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Making Cards for Custom Action Figures




First of all, I'm just telling you what I can remember from the mini-seminar delivered by Gary Weaver II during a recent (3/28/99) toy show in Dallas (Plano).  I don't remember exact brand names but in most cases it shouldn't matter.  I also don't have any pictures or scans, because I've never done this myself.

The main tool required for making good cards for a custom action figure is the photo editing program.  Most use a rather current version of Adobe Photoshop.  My version is 4.0, however, many newer and better versions have come out since, I'm just too broke to get the new stuff (the latest version of Photoshop 5 is recommended).  I don't have time to go through everything you need from here, but if you hop on over to AndyArt: Scream Design to learn all about the photo editor of your choice.

The second most important tool is the scanner.  Resolution doesn't matter on your scanner, because most scanners will do a great job of picking up even the smallest details during a scan.  Scan in your photo at 100% in size.  Most scanners have multiple settings for scanning sizes.  Since saving RAM isn't part of this process you won't need to worry about that labored sound coming from your computer's processor :o)  Aside from the 100% size option, which is done so that it will be the same size when you print it out, you don't need to do anything special.  Proceed by scanning in the card that you want to edit.  After your computer has buzzed for a little while you will be able to load your photo editor and begin your editing.  This will again, consume all freedom you would have had on your computer's RAM.  Save the file and move to step 3...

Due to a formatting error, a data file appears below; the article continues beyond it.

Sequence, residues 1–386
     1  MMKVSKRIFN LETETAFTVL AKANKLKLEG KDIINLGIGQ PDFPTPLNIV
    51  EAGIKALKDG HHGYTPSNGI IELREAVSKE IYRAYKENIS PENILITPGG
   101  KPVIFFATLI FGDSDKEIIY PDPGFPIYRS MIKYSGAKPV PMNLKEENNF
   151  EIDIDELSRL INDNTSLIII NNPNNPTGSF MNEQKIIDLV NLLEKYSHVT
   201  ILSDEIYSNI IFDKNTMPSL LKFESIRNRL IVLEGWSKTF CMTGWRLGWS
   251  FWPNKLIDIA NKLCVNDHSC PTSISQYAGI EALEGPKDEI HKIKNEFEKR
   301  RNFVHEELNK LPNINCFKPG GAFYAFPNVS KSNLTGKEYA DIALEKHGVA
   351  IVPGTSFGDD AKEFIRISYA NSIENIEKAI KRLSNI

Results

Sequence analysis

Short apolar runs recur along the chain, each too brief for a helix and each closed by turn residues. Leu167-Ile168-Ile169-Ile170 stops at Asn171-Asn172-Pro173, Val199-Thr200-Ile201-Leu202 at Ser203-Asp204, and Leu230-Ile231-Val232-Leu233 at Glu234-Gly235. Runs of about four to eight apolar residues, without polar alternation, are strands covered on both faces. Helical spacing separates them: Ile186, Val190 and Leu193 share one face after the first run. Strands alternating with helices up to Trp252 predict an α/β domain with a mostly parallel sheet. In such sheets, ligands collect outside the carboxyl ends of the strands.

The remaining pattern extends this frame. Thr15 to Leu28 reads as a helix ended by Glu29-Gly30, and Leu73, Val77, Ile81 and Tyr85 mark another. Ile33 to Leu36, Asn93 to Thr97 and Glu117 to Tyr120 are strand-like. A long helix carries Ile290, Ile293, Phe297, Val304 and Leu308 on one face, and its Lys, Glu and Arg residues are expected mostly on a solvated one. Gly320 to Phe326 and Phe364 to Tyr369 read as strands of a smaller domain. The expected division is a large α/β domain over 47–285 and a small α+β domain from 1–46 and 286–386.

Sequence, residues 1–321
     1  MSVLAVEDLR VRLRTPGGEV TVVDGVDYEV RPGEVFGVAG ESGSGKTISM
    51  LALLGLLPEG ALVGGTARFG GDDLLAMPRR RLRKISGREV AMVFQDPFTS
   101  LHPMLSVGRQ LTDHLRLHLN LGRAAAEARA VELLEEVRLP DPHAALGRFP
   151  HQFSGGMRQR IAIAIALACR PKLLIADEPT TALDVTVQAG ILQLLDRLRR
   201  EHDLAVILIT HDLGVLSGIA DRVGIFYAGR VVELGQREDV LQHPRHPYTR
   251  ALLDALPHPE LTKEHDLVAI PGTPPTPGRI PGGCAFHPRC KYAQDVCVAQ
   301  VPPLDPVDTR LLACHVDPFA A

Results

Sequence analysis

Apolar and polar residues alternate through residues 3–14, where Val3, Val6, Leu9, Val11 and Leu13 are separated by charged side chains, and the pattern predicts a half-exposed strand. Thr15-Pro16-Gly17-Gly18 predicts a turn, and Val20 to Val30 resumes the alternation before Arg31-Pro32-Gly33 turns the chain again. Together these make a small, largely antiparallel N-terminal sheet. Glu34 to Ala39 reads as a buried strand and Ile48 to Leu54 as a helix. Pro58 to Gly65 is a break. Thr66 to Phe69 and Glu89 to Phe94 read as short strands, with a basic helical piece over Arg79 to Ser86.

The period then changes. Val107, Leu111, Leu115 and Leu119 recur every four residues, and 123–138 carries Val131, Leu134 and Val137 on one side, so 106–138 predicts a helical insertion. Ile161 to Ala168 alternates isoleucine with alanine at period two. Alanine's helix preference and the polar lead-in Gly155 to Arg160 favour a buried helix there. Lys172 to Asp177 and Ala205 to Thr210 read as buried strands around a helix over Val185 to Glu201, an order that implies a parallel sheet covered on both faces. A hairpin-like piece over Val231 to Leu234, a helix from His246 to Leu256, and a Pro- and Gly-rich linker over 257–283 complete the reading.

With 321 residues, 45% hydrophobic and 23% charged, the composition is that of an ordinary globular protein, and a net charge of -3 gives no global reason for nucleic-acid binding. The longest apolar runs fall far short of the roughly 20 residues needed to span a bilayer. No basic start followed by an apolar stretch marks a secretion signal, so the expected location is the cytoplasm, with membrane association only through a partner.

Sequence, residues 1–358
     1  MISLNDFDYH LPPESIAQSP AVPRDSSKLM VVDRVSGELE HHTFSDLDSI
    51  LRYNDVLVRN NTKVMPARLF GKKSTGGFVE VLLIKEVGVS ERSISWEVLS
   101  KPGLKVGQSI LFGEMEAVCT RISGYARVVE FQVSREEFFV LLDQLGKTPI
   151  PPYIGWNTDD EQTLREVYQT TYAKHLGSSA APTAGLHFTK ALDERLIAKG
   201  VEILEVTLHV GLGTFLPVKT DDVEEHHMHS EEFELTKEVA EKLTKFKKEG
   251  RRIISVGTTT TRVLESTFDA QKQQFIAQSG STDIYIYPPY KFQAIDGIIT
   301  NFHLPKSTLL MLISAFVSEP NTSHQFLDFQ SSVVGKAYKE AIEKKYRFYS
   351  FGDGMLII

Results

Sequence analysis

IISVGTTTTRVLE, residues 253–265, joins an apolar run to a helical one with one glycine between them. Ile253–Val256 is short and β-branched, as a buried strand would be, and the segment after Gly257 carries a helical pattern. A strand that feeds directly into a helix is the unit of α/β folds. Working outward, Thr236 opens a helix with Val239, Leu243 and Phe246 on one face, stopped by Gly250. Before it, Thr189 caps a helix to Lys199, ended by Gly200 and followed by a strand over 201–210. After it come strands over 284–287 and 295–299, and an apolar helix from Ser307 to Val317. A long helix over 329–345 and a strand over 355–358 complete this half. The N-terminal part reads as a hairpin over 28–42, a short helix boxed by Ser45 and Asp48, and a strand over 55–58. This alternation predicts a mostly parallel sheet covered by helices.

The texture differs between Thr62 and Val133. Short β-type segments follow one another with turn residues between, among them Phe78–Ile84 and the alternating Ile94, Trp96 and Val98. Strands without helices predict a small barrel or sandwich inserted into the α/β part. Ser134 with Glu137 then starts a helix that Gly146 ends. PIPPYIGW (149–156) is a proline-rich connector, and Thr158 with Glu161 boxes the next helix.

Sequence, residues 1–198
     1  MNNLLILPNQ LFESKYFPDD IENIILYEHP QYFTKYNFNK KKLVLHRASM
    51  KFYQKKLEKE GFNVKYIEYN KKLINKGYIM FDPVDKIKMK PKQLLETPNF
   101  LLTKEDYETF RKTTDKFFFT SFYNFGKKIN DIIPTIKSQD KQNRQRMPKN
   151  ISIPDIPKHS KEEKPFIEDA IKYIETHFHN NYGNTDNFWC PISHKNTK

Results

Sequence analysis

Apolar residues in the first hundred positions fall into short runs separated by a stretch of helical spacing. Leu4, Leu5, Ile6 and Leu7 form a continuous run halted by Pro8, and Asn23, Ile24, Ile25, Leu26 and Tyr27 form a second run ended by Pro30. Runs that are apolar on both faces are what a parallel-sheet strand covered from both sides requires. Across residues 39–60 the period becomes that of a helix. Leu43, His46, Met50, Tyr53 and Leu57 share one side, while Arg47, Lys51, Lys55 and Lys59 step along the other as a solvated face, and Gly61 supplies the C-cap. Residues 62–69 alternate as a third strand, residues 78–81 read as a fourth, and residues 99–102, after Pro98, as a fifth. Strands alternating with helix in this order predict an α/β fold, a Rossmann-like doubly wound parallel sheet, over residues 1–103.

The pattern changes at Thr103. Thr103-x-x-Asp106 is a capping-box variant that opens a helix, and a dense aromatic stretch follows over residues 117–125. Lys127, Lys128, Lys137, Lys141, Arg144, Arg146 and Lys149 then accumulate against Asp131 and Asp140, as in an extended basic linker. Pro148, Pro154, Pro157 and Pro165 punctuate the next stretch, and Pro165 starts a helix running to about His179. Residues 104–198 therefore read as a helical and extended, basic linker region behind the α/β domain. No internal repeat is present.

Thirdly, you need PHOTO PAPER.   This is the most important part of the hardware you will need.  Since most printers today are rather high quality, you only need the paper with which to utilize its maximum capabilities.  I'm not sure what "name" the paper has but it's just like normal paper only with a semi-gloss coat, which may or may not be on just one side.  Depending on how much printer ink you want to waste, set the dpi to about 720.  This is the lowest setting that will print as much detail as any higher setting.  I hope you followed that... and now you can PRINT.

To attach your edited and printed, new card-face, you will need a spray-on adhesive glue.  Don't use too much, 'cause it could cause bleeding (of the ink, YOU are in no danger). Also, make sure the card-face has dried WAY before you try to glue it on the old, unedited card.  Spray on the glue, attach the card, and press firmly all over the card face to make sure that it lays perfectly flat, and without any air pockets, and now you're done!

Some important notes about the card back:

  1. You can also use card-stock or poster board as a backing (HIGHLY recommended).  This will make the attachment of the card-face much easier (see #2)
  2. If using a manufactured card back, you must be careful of the plastic bubble.   One way around this is to scan the card with bubble "remains" and then tear them off.   The only other feasible way is to tear of the bubble, then scan, and rebuild the tear marks left on the card.


Go to DarkMonkE's Custom FSP


The preceding article was contributed by Trip "DarkMonkE" Somers, based on information taught by Gary Weaver II.